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Looking back on the readings for the final essay, it was very interesting to see how MLK’s ideas changed with the culture of America, especially because I feel like it contrasts with how he is taught most of the time. When I think about what I was told about King, I remember how he fought for desegregation voting rights, up until the Civil Rights and Voting Rights Acts were passed. Rarely was I ever told about the work he did between that and his death, and I was almost never told about his thoughts on Vietnam and poverty in America. I feel like the reason he is taught this way is because his later work comes off as anti-American at times, and we feel like we need a hero who loves America, because everyone deserves to do well here. I think that telling the first part of the story is important so that we can understand his ideas and important lessons, but ending it there makes it seem like he stopped working because his job was finished. I think that it is important to show how he never stopped working on behalf of his people, and we should not stop today.
I initially had no clue what I wanted to write about for this last blog post. However, upon some reflection, I realized that I wanted to bring some of this course’s concepts full circle.
Coming from a small town in Maine, and a roughly 700 student high school, there was very little (depressingly little) diversity within the student body. There were maybe four Asian and black students within the whole school. On an even worse note, some students would drive to school with a Confederate Flag flying on the back of their pickup truck, which I just never understood because we lived in Maine… While racism was never a huge problem at my high school, actions like flying the Confederate Flag sent a strong message to white and black people alike. Unfortunately, this was never addressed by administration so it kept happening.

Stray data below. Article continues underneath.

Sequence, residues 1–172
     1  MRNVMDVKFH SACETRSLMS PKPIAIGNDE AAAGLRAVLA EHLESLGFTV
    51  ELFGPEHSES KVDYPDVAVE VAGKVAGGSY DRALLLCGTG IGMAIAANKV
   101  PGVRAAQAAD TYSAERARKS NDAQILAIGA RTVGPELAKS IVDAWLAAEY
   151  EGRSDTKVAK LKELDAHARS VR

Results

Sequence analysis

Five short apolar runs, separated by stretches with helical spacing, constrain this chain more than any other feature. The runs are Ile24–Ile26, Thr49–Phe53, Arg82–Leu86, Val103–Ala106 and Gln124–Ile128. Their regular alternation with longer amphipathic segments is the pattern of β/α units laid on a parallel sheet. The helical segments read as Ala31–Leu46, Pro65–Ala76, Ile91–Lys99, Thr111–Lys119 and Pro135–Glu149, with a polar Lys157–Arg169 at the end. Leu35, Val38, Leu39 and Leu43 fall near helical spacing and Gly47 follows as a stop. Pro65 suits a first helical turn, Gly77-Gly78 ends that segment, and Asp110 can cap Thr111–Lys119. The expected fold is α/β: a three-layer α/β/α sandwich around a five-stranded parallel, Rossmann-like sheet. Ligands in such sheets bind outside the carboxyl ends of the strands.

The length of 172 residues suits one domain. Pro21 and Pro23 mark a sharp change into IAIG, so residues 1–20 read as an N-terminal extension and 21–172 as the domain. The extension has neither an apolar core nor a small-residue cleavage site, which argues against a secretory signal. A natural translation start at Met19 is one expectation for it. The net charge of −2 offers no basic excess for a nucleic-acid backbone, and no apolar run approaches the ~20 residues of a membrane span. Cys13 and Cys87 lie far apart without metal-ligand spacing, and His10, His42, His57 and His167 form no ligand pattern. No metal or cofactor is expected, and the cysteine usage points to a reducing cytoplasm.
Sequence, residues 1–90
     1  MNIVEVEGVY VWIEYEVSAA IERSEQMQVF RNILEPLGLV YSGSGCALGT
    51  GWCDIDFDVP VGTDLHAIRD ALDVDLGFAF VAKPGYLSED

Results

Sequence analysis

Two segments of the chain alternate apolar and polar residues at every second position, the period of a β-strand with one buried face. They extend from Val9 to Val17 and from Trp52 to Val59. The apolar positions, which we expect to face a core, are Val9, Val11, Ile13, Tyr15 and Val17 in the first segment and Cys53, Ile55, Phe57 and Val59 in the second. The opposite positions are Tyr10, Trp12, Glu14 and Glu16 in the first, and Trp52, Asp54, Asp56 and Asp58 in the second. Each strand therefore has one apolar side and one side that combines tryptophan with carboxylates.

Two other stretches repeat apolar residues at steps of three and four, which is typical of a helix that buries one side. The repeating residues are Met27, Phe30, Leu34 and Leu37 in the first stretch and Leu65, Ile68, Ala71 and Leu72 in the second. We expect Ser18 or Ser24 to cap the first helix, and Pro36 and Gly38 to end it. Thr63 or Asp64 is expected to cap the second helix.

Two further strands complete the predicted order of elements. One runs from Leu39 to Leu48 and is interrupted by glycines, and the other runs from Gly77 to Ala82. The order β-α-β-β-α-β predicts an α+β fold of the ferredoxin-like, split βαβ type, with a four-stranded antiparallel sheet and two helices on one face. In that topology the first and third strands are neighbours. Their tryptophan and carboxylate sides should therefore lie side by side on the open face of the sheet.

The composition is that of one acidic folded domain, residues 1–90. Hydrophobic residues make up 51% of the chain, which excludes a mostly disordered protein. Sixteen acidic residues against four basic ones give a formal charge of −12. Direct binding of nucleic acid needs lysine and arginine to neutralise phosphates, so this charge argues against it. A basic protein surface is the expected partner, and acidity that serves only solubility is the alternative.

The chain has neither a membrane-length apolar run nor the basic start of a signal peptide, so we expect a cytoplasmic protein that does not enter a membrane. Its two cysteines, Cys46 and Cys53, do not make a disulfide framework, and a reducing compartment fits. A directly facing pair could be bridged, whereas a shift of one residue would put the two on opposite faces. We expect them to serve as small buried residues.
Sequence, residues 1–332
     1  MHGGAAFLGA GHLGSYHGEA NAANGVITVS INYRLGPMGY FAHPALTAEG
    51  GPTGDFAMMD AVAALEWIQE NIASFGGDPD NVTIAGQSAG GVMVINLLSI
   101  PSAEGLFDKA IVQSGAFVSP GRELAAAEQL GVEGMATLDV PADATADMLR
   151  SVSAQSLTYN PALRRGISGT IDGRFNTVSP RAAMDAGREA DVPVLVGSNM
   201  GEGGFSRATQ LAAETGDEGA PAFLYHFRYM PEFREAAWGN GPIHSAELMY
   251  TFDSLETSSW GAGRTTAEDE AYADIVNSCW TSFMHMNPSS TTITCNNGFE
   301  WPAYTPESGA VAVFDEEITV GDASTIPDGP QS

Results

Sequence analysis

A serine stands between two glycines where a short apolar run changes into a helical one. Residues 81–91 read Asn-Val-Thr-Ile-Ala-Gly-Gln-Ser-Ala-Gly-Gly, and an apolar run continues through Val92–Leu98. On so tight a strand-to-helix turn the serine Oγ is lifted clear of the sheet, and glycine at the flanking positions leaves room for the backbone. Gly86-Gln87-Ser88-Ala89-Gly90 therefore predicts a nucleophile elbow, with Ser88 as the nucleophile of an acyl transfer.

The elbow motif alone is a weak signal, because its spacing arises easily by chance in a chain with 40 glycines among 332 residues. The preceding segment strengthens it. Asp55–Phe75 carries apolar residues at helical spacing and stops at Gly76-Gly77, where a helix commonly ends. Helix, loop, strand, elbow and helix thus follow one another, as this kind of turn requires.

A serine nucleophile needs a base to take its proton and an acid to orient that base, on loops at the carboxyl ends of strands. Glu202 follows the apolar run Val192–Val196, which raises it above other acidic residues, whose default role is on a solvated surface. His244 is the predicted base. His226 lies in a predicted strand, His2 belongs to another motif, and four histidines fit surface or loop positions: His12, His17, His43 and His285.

While this is a short blog post, I thought it just to at least briefly think about the fact that people in the most northern state of the US fly the Confederate Flag to school. It sends a strong message that, although this country has come a long way towards “fixing” racism, we still have such a long way to go.
A UN panel announced that the United States owes African-American people reparations for slavery. The announcement apparently stems from the various police brutality reports that are reminiscent of the trauma of lynchings. The committee also said that the US needs to confront its racial legacy.
I definitely think that black people are owed reparations in some sort of manner. I think they should start with repealing the laws implemented during the War on Drugs, and properly funding school systems in areas that are predominately black.
The UN isn’t currently demanding reparations be paid, so, unfortunately, I don’t believe that the US will in anyway take heed of this announcement. But, I appreciate that the report from the UN was released. We just need some action behind it now.